DC DOS, Lehtinen V, Vazquez-Barquero JL, Casey P, Wilkinson G, Ayuso-Mateos JL, Page H, Dunn G, ODIN Group. Negative life event social support and gender difference in depression. Soc Psychiatr Psyciatr Epidemiol. 2006;42(6):444–51.

  23. 23.

    Kocalevent R-D, Berg L, Beutel ME, Hinz A, Zenger M, Härter M, et al. Social support in the general population: standardization of the Oslo social support scale (OSSS-3). BMC Psychology. 2018;6(1):31.

  24. 24.

    Kebede MA, Anbessie B, Ayano G. Prevalence and predictors of depression and anxiety among medical students in Addis Ababa, Ethiopia. Int J Mental Health Sys. 2019;13:30.

  25. 25.

    Yohannes K, Gebeyehu A, Adera T, Ayano G, Fekadu W. Prevalence and correlates of post-traumatic stress disorder among survivors of road traffic accidents in Ethiopia. Int J Mental Health Sys. 2018;12:50.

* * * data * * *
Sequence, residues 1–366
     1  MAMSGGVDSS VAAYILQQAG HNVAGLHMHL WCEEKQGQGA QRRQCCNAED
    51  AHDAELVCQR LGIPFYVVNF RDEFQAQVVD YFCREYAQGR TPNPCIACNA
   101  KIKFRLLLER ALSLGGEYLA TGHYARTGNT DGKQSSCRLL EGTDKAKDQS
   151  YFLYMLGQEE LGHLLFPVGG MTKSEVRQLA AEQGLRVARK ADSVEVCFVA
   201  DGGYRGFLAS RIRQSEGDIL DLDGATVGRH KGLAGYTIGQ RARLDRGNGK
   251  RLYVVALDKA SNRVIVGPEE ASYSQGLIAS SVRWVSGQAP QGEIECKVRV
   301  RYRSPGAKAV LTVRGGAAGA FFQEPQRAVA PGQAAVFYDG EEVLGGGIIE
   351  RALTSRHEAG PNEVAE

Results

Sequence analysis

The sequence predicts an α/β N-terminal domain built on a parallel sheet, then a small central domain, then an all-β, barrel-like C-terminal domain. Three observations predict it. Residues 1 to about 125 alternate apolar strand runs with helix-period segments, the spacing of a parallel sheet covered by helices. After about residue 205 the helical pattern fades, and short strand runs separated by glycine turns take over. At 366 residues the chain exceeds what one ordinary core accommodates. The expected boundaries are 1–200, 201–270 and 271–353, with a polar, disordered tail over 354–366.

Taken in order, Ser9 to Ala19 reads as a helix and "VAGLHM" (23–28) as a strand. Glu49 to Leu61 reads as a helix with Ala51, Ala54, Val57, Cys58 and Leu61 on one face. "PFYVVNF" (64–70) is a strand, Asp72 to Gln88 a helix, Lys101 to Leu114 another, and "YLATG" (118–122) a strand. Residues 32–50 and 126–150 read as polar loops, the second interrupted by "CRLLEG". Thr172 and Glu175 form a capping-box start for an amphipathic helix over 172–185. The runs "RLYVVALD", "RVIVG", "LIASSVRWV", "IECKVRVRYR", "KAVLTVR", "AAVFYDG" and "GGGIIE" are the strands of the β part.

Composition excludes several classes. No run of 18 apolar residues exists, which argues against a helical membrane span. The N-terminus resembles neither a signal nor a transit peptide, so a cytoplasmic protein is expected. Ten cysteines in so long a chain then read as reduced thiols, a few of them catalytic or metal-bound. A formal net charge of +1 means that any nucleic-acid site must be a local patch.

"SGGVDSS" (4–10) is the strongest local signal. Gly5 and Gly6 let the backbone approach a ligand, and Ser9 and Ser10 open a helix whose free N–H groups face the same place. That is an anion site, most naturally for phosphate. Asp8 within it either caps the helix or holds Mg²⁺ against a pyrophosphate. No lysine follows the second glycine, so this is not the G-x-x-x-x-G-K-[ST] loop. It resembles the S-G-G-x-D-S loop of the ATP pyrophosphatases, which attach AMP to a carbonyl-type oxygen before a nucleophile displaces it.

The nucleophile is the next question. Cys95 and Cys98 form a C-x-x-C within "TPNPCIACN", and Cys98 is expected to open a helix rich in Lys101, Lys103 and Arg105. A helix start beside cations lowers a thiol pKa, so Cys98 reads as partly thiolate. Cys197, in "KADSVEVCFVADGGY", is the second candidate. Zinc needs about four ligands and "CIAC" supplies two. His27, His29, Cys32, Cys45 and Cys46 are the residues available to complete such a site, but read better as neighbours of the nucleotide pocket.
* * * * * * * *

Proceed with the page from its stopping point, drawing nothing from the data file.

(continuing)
26. 26.

    Aberha M, Gebeyehu A, GJJoP A. Prevalence and factors associated with anxiety among patients with hypertension on follow up at Menelik-II Referral Hospital, Addis Ababa Ethiopia. J Psychiatry. 2016;19(4):378.

  27. 27.

    Aziz N, Serafi AH. Increasing Levels of Test Anxiety and Psychological Distress with Advancing Years of Medical Education. British J Med Health Res. 2019;6:1.

  28. 28.

    Moore B. Test anxiety and nursing students; 2013.

  29. 29.

    Kavakci O, Semiz M, Kartal A, Dikici A, Kugu N. Test anxiety prevalance and related variables in the students who are going to take the university entrance examination. J Psychiatr Neurol Sci. 2014;27:301–7.

  30. 30.

    Asayesh H, Hosseini MA, Sharififard F, Taheri KZ. The relationship between self-efficacy and test anxiety among the paramedical students of Qom University of Medical Sciences. J Adv Med Educ. 2018;1(3):8–12.

  31. 31.

    Patil SG, Aithala MR. Exam anxiety: its prevalence and causative factors among Indian medical students. Natl J Physiol Pharm Pharmacol. 2017;7(12):1323–8.

  32. 32.

    Khoshhal KI, Khairy GA, Guraya SY, Guraya SS. Exam anxiety in the undergraduate medical students of Taibah University. Med Teach. 2017;39(sup1):S22–S6.

  33. 33.